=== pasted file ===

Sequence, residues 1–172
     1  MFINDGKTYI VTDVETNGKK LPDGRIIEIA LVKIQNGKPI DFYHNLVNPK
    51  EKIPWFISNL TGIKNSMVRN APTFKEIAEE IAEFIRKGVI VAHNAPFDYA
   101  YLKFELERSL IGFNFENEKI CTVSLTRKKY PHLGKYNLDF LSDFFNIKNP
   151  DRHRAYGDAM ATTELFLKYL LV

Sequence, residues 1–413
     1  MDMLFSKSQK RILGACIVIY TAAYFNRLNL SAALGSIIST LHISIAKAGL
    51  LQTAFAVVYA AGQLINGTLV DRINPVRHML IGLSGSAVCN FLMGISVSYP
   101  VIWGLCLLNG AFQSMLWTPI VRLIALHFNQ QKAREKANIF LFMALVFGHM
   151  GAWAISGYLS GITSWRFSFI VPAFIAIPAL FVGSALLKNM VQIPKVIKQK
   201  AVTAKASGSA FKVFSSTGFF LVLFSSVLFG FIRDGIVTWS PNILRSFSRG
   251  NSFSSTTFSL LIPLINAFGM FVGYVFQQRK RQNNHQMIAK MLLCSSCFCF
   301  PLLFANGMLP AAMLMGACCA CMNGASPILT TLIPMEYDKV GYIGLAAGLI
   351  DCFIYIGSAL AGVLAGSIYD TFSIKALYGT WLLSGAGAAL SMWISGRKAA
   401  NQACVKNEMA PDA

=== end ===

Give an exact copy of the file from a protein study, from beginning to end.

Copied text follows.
Sequence, residues 1–172
     1  MFINDGKTYI VTDVETNGKK LPDGRIIEIA LVKIQNGKPI DFYHNLVNPK
    51  EKIPWFISNL TGIKNSMVRN APTFKEIAEE IAEFIRKGVI VAHNAPFDYA
   101  YLKFELERSL IGFNFENEKI CTVSLTRKKY PHLGKYNLDF LSDFFNIKNP
   151  DRHRAYGDAM ATTELFLKYL LV

Sequence, residues 1–413
     1  MDMLFSKSQK RILGACIVIY TAAYFNRLNL SAALGSIIST LHISIAKAGL
    51  LQTAFAVVYA AGQLINGTLV DRINPVRHML IGLSGSAVCN FLMGISVSYP
   101  VIWGLCLLNG AFQSMLWTPI VRLIALHFNQ QKAREKANIF LFMALVFGHM
   151  GAWAISGYLS GITSWRFSFI VPAFIAIPAL FVGSALLKNM VQIPKVIKQK
   201  AVTAKASGSA FKVFSSTGFF LVLFSSVLFG FIRDGIVTWS PNILRSFSRG
   251  NSFSSTTFSL LIPLINAFGM FVGYVFQQRK RQNNHQMIAK MLLCSSCFCF
   301  PLLFANGMLP AAMLMGACCA CMNGASPILT TLIPMEYDKV GYIGLAAGLI
   351  DCFIYIGSAL AGVLAGSIYD TFSIKALYGT WLLSGAGAAL SMWISGRKAA
   401  NQACVKNEMA PDA